2011 Equality Report Card Excerpt: Women’s Economic Status

Category Goals: We expect the provincial government to set a priority on improving the health, dignity, and well-being of Islanders who struggle with a less than livable income. We urge the government to consult and collaborate with community-based organizations to develop a Poverty Reduction Strategy like those in other provinces.

Focus Group Highlights: Participants in a focus group indicated that in their experience, more income support is needed, including more support to help people make transitions from assistance to independent livelihoods. Reducing the stigma on receiving help was very important to focus group participants.
The participants named couch surfing, homelessness, and unsafe living conditions as problems in PEI. They suggested that government should consider ways to provide supports and services across PEI and to better use public buildings (such as schools) and facilities with public funding (such as wellness centres) to provide non-stigmatizing support for people who are homeless or at risk of homelessness.

Conclusions: The Advisory Council congratulates government for moving from a grade of D to a grade of B – in just two years. In addition to improving social assistance and housing programs and employment standards, government has taken some very good first steps towards poverty reduction. We and other community organizations were pleased to provide recent input into ways to engage government and the public in making a plan to reduce poverty and increase social prosperity in PEI. Steps towards poverty reduction have been slow, but we are hopeful that planning is now moving in a positive direction, and we look forward to playing our part.


This is an excerpt from the PEI Advisory Council on the Status of Women 2011 Equality Report Card for PEI, released in June 2011 and based on information updated to May 30, 2011. The Advisory Council is republishing one area of assessment each week on this blog. For more information, visit the Advisory Council on the Status of Women website.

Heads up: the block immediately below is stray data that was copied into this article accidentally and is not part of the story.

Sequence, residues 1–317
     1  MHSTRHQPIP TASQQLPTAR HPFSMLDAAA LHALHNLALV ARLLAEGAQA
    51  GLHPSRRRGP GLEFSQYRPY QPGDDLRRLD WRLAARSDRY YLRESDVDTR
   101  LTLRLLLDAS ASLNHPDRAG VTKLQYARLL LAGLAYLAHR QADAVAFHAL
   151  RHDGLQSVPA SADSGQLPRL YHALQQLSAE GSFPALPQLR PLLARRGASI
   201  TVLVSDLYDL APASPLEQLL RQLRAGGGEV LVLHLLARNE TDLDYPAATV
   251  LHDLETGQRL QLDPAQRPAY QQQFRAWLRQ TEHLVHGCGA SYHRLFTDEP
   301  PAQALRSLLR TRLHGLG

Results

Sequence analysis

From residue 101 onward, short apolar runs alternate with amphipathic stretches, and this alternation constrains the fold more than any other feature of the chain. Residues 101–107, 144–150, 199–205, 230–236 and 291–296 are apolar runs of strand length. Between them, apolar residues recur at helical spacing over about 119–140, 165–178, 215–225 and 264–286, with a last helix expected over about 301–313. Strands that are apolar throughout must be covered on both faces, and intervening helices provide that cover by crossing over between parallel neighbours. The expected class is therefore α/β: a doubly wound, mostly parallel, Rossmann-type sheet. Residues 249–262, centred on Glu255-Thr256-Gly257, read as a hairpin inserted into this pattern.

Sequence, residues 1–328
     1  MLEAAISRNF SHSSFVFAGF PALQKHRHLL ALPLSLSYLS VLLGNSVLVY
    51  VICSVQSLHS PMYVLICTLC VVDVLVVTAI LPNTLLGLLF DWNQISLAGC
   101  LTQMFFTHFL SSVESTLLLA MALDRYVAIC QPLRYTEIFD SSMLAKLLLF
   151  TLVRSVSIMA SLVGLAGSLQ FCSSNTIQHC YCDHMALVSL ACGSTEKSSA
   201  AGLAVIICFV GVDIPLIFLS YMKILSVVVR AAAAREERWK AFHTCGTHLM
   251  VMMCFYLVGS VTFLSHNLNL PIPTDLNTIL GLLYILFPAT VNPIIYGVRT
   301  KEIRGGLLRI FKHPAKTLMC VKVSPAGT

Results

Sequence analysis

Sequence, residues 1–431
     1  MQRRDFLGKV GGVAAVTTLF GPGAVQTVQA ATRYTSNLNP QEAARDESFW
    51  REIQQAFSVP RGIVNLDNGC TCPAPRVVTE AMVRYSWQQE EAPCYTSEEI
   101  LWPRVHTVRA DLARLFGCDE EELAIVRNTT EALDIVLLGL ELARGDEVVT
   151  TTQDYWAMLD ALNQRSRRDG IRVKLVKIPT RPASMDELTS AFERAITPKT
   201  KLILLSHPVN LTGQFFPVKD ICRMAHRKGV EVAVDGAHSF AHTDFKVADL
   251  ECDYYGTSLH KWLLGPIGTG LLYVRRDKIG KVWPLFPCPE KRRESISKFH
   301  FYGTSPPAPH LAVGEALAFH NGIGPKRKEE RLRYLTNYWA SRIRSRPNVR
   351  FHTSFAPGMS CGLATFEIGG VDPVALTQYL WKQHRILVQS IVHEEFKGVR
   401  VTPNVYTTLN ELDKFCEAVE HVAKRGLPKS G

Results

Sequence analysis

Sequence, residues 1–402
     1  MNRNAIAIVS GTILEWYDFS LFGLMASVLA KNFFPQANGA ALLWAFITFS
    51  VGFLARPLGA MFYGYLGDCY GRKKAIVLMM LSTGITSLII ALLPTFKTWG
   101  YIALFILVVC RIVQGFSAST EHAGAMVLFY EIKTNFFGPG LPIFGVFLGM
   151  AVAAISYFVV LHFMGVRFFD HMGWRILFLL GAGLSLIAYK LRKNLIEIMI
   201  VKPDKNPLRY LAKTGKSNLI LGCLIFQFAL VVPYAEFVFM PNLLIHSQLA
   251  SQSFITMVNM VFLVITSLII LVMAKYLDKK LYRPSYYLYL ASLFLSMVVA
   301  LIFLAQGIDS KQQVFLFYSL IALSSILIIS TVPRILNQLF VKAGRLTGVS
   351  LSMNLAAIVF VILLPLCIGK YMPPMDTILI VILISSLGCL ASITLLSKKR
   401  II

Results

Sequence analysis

1. Mary MacDonald said

    Hello ladies,

    I have an issue to bring to your attention which overlaps family law,
    adoption, human rights and the state’s treatment of women whose
    newborns were taken by the adoption agencies that were in business
    on the Island between the mid-1950s to the early 1970s.

    The feminist movement in general has been silent on the issue of
    mothers whose babies were taken from them during this era for no other reason than that they were unmarried.

    The adult adoptees who were products of that adoption boom era
    are now struggling to learn important information about their heritage
    and in some cases, their genetic legacy by which they might be at risk
    from severe inherited illnesses.

    It’s at this point where the crossover occurs from a feminist issue of the oppression of women whose babies were stolen, to a human rights concern where the offspring of that system of shame and secrecy are trying to obtain information about their adoptions.

    Try as an adult adoptee to obtain information from the PEI government
    about your adoption and you will be bounced from bureaucrat to bureaucrat who recites exclusions to the freedom of information law. Who is this paranoid secrecy protecting when the adult adoptee’s birth mother; adoptive parents and other agents involved are all long-since deceased…

    What is in place on PEI is an outdated, archaic and irrational law
    that says adult adoptees cannot access their records because these
    are sealed. Mine are sitting in the Public Archives.

    The PEI Advisory Council on the Status of Women should advise the
    Island government that reforms are needed to family law with respect
    to the Adoption Act, and that a Public Inquiry should be conducted to
    openly discuss for the first time the officially sanctioned practice
    of taking babies from their bereft mothers at birth, which I am sure any
    feminist would agree is a study in human cruelty no matter how its
    proponents may try to explain it away as religious folks not knowing any better.

    • peiacsw said

      Thank you for bringing this issue to out attention, Mary. The Council will be interested in your comments.

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